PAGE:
Friday, August 8, 2014


What can I say about Barbara Walters that you haven't heard? Like you, I have watched her change -- grow older, gracefully share and relinquish her role as the wise leader/boss on "The View."

And continue to do what she has always done -- ask the questions we want to ask.

I would trust her to answer any probing, too personal questions I might ask about how she looks and feels about herself right now. I know she'd search for the truth with me.

The tributes, the glimpses of some of her super interesting interviews with super celebrities, the story of how she got to be what she is right now, are interesting, but I am not very interested. I am somewhat bored by the media's to do over her retirement.

She, herself, the woman we have met on television, has a way of removing herself -- being absorbed in the discussion, but not making herself or her opinion the focus. So I find myself, in my writing, attempting to do what she does.

Barbara isn't exciting to look at. Twenty years ago, her looks, her name and stature compelled us to see her as a celebrity, but she didn't do things or announce things that were happening to her. We just saw her handle very famous people -- engage with them, get them to reveal themselves and their passionate concerns -- she somehow made others feel that her mind and her arms were open.

Yes, Barbara W. is very feminine and nice looking, but I couldn't describe her. bosom, hips or waist size, or her legs or her face. I like her eyes -- are they large? Her hair do -- hard to remember, wasn't it was straight hair with no curls for a while, then short hair, more or less curly as the blond, reddish color changed?

What she wears -- has it changed? I don't remember shorter or longer skirts, or spike heels, or very pale or dark lips or eye shadow, eye liner. and massacred lashes.

No -- Barbara has played a part -- the same part, throughout the time that I have watched her -- we see her curious, interested, wondering about the interviewees.

My tribute to her -- I learned by what she has done and said, how important it is to be yourself -- speak your mind.

Hurray for you Barbara.  I certainly learned a lot from you.

I am picking this interview with Dave Letterman because he's retiring (and having announced it, is somehow, suddenly less interesting), but the ease, the graciousness of you and of Dave in this show, had me celebrating you, and smiling throughout the conversation.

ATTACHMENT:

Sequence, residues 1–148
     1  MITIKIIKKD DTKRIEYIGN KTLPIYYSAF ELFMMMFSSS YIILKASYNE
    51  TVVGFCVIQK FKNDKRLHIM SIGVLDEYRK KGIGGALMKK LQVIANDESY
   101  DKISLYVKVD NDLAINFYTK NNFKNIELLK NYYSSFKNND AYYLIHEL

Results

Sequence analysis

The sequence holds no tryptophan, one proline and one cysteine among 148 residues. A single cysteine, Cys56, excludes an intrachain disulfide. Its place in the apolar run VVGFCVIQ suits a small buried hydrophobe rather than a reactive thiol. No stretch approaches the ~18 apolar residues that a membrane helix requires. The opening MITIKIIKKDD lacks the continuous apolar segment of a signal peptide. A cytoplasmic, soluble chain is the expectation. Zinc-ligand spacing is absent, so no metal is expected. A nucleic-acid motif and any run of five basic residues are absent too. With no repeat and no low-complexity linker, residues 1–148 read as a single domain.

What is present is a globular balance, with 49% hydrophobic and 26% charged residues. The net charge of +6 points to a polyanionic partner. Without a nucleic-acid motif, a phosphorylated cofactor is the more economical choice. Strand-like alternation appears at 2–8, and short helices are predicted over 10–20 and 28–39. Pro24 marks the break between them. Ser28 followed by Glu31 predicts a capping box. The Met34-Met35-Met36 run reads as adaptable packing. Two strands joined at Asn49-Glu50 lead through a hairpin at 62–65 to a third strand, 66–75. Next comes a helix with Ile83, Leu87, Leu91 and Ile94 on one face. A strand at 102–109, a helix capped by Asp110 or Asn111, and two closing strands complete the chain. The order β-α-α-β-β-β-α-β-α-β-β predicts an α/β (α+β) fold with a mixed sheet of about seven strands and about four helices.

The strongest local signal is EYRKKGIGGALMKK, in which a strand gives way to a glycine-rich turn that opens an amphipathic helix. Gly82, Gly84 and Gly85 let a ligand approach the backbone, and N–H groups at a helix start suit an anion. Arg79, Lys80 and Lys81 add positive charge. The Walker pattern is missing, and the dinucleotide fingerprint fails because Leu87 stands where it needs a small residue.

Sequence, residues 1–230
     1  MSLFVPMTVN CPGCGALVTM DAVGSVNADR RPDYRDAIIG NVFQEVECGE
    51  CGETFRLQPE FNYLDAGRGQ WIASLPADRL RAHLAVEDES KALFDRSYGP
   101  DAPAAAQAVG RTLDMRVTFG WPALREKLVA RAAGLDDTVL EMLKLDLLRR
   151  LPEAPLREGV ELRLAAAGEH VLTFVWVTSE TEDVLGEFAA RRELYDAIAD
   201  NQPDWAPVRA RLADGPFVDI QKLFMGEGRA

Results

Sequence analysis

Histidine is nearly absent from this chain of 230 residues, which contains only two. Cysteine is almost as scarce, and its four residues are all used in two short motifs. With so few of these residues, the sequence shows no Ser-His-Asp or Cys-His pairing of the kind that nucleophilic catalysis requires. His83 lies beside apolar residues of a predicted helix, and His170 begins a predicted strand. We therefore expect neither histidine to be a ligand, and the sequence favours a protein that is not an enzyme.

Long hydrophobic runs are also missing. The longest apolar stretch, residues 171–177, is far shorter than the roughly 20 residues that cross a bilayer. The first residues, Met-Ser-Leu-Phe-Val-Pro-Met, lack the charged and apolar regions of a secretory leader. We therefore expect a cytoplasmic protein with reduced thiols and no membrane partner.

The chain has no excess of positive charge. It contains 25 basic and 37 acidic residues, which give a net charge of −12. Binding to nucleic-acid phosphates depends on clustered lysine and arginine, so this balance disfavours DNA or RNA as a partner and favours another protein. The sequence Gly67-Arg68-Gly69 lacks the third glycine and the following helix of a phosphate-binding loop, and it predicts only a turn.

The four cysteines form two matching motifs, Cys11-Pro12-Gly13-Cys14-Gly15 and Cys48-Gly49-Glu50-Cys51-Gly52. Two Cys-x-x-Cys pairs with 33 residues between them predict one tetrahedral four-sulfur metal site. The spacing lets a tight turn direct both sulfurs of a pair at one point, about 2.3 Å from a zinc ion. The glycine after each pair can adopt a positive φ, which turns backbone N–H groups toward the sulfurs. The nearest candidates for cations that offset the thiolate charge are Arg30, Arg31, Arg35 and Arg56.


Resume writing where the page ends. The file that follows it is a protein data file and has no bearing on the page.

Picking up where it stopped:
Tuesday, August 5, 2014


I saw this photo and thought self indulgent kid, before I took in the headline, "King of the Imperial Blaster Beat, Skrillex is making a big noise in the pop world."

This kid won six Grammys, and I have a hard time (very hard time) listening to him. I sort of enjoy the beginning of a song, but the development becomes a mish-mash of smashing, crashing sounds that makes me want to cover my ears.

I am paying attention to him because he is already more than a trend in music. Kids love him. 

Sonny John Moore, a/k/a Twipz, Skrocle, who is now called Skrillex, is 26. a DJ,  music producer, electronic musician, singer-songwriter. He grew up as a short (5'4"), punk-rock loving kid with bad skin, which apparently inspired him to relate to fans with similar social anxieties.

Sonny Moore joined the American post-hardcore band, "From First to Last" as the lead singer in 2004, and recorded two studio albums with them -- (I love the titles), "Dear Diary, My Teen Angst Has a Body Count," and "Heroine."  He left that band to pursue a solo career in 2007 and his first tour as a solo artist.

In 2008, Sonny was producing and performing as Skrillex in the Los Angeles area. Two years later, while providing programming and vocals for the UK metalcore band in their album titled -- (I love the title), "There Is a Hell, Believe Me I've Seen It. There Is a Heaven, Let's Keep It a Secret," Sonny worked feverishly on creating music for himself.

At his January 2013 birthday party, celebrating the release of his official Skrillex debut EP as a free download, Sonny Moore's hair caught on fire. (Though he was unharmed, it brings back memories of Michael Jackson, and perhaps explains Sonny's hairdo that suggests half of his head is shaved.)

In March  2014, Skrillex's "Alien Ride" was put up on Apple's App Store. He told a huge crowd of reporters, "I’ve been deep into electronic music my entire life. The first records I ever owned were ‘Fat of Land’ by the Prodigy and ‘Come To Daddy.’ I’ve been dabbling in making electronic tracks on programs like Fruity Loops since I was 14 years old.”

No doubt about it -- Skrillex is part of a new generation of artists that refuse to be restricted by audiences' expectations. He insists -- “Genre has never been important to me. I’ve never thought about music that way.”

Yes, I am playing Skrillex's music -- sort of learning and absorbing it. I remember when I was working with choreographer Norman-Walker on "Medea," to music by Alban Berg. As we began rehearsals, I hated the complicated twelve-tone, unmelodic, jangling, weirdly unsingable sounds. And sung it, and fell in love with Berg, as I learned to dance to it.

The New York Times said, "The artist that 13-year-olds play the most, which 64-year-olds also play the least is Skrillex."

Check out this video -- it comes with a warning -- "You must absolutely see this video until the end to get the full effect of what is actually happening here."

Like it or not, the "full effect" didn't impress me, but kids love this and dance to it. 

Skrillex is actually part of the genre called "Dubstep," which is a type of electronic music that has a reverberating sub-bass -- not four-four beats -- it's spaced, syncopated percussion that you may have heard in a Lady Gaga album, or recently, in Britney Spear's "Hold it Against Me." 

Listen to this video -- just music, no story -- the repetitive rhythm gets into my bones. Maybe it will get into yours.